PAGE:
Identity security firm Trulioo has unveiled a global identity platform for personal and business verification.
As the company noted in a Tuesday (Jan. 31) news release, the launch comes as a surge in eCommerce, mobile payments and digital currencies offers businesses chances for innovation and growth, but also challenges them to meet strict compliance standards.
“The identity and regulatory worlds are complex, especially for businesses who are multinational,” David Mattei, Strategic Advisor at Aite-Novarica Group, said in the release, noting the challenge of meeting standards such as anti-money laundering (AML) requirements.
“On top of that, companies need customizable workflows to deploy these types of solutions within their ecosystems,” Mattei added. “A solution that combines identity verification and compliance on a global scale while also being client-configurable is a much-needed capability in the industry.”
That’s in keeping with recent research by PYMNTS, which found that many businesses are realizing the need to upgrade their identity systems to prevent falling victim to scams and fraud.
The January PYMNTS/nsKnox “B2B Fraud Tracker” also showed less than one-third plan to outsource this upgrading, which suggests that most companies planning to make changes to their ID systems will do so in-house.
“Internally developed solutions to large, overwhelming problems, such as the need for modernizing fraud-fighting systems, can be particularly tricky, as this type of solution development can severely drain resources and has no guarantee of success,” PYMNTS wrote.
In addition, the risk of failing to meet this challenge is high, as businesses lose an average of 3.5% of their revenue to fraud per year. Improper authentication can slash current revenue and cause businesses to miss future revenue opportunities, with 54% of retailers and 44% of manufacturers failing to onboard new customers due to fraud concerns.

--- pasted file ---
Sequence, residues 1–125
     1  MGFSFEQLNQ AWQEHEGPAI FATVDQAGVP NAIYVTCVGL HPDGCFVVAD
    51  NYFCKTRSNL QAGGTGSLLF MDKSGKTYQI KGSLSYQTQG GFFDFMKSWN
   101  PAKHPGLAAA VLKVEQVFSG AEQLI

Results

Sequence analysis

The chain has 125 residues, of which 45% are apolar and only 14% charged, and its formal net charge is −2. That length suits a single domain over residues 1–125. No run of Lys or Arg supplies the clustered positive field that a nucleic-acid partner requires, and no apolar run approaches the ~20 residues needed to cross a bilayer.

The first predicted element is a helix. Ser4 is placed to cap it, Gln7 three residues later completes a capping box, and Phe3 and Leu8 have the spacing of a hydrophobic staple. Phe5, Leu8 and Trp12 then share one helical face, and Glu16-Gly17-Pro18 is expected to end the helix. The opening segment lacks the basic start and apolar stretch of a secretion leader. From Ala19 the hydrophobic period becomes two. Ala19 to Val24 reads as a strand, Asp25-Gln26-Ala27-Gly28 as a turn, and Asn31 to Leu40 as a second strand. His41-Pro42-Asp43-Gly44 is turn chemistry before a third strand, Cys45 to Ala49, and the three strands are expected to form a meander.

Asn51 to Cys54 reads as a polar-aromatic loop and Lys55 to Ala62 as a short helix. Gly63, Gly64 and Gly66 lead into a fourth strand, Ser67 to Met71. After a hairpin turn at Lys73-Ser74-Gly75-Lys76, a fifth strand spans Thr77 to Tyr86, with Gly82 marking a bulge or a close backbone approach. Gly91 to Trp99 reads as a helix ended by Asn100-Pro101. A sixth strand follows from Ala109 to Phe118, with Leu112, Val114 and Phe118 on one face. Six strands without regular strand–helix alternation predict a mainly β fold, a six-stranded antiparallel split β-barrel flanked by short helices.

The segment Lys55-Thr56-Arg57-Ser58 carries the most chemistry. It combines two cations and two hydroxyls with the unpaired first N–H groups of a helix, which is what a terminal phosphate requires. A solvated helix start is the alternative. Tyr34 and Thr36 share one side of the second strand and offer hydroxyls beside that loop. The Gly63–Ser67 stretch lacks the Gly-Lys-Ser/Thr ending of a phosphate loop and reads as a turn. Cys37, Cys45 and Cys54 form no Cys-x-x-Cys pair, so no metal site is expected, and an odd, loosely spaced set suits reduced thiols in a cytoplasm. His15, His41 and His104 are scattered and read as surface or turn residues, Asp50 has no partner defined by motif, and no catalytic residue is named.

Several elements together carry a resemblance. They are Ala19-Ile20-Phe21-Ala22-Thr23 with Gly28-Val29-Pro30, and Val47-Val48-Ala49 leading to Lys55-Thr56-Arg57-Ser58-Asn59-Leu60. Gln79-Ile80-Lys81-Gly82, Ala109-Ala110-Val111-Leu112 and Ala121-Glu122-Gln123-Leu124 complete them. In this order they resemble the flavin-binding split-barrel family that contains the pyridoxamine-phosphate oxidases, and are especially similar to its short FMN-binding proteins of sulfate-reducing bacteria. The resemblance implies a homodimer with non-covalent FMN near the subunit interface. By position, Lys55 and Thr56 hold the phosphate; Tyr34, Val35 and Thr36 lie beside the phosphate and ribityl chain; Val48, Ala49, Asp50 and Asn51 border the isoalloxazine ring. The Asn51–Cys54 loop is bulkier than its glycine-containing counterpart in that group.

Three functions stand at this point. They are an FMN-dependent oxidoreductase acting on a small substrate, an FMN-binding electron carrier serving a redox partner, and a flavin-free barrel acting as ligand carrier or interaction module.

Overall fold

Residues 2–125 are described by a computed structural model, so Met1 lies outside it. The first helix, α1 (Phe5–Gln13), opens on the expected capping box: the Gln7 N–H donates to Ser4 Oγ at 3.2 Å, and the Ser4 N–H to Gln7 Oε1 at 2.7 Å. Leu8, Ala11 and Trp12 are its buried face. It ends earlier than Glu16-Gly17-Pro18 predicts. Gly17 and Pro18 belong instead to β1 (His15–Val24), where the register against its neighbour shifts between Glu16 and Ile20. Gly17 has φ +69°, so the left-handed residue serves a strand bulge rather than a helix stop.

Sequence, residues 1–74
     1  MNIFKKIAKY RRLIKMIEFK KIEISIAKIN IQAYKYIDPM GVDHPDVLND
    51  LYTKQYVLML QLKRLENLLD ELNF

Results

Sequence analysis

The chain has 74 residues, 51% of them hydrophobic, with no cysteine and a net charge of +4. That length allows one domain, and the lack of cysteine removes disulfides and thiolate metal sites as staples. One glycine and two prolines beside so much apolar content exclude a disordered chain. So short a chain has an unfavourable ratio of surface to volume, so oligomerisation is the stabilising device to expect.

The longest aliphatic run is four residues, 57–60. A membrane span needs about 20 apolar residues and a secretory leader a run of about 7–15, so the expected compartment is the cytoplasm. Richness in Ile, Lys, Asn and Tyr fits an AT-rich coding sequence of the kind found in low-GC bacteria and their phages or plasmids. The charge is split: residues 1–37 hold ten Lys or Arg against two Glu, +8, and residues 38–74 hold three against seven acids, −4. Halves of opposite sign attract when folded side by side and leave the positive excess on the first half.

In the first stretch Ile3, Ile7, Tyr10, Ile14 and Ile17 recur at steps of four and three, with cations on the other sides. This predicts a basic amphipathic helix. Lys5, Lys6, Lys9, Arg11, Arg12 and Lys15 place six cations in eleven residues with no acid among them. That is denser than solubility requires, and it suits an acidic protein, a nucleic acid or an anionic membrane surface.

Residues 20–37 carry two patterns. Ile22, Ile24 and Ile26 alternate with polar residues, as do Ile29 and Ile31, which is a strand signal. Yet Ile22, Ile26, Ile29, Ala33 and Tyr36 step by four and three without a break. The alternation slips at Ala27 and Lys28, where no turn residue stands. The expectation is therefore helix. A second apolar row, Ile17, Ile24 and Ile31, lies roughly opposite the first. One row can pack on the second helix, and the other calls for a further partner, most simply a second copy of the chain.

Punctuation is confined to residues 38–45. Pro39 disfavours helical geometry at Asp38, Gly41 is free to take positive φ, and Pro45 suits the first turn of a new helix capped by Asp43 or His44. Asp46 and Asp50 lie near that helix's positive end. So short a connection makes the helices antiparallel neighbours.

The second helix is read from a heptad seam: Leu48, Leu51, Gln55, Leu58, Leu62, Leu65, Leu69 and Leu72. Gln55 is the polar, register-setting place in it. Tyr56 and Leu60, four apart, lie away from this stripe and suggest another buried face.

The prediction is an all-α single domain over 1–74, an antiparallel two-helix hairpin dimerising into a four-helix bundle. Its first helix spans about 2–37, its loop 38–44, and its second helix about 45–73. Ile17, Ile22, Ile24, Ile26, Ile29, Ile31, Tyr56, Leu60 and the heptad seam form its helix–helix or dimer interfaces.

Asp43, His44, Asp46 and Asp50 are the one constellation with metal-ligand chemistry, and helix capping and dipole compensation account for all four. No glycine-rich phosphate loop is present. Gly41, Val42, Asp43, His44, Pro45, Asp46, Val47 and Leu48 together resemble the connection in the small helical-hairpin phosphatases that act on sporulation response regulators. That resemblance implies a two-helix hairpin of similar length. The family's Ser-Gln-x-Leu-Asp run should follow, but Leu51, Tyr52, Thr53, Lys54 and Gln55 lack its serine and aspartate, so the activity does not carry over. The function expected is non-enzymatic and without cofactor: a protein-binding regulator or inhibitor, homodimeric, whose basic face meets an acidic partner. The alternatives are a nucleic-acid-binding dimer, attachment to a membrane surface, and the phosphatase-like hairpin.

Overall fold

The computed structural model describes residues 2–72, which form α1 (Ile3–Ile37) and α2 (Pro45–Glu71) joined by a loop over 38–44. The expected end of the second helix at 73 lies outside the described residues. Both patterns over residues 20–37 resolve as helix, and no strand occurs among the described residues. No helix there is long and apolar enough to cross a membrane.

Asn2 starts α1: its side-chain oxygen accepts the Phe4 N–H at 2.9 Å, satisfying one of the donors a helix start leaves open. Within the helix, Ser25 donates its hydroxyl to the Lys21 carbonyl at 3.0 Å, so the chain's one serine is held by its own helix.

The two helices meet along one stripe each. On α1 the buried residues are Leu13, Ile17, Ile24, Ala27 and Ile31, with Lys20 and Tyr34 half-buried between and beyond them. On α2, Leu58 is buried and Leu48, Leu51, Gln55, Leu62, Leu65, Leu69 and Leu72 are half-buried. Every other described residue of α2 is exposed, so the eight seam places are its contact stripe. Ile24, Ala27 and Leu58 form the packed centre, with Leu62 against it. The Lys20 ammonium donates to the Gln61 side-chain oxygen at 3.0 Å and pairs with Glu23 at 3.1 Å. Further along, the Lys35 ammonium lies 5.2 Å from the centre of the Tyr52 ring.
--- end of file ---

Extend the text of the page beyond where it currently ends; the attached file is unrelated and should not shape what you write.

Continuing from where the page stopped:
At the same time, additional research by PYMNTS showed that 67% of executives at financial institutions say that the complexity of regulatory compliance standards is holding back their efforts to fight fraud.
Forty percent of executives pointed concerns over the potential complexity involved in the day-to-day use of new technologies, and the same 40% also mentioned a presumed integration complexity of combining new fraud prevention controls with old systems as a factor holding them back from investing further in anti-fraud innovations.
That doesn’t mean, however, that financial institutions aren’t taking action.
“The Overlooked Importance of Securing Incoming Payments,” another PYMNTS and nsKnox collaboration, showed that 85% of chief financial officers are either investing or planning to invest in digital solutions for fraud prevention and risk management.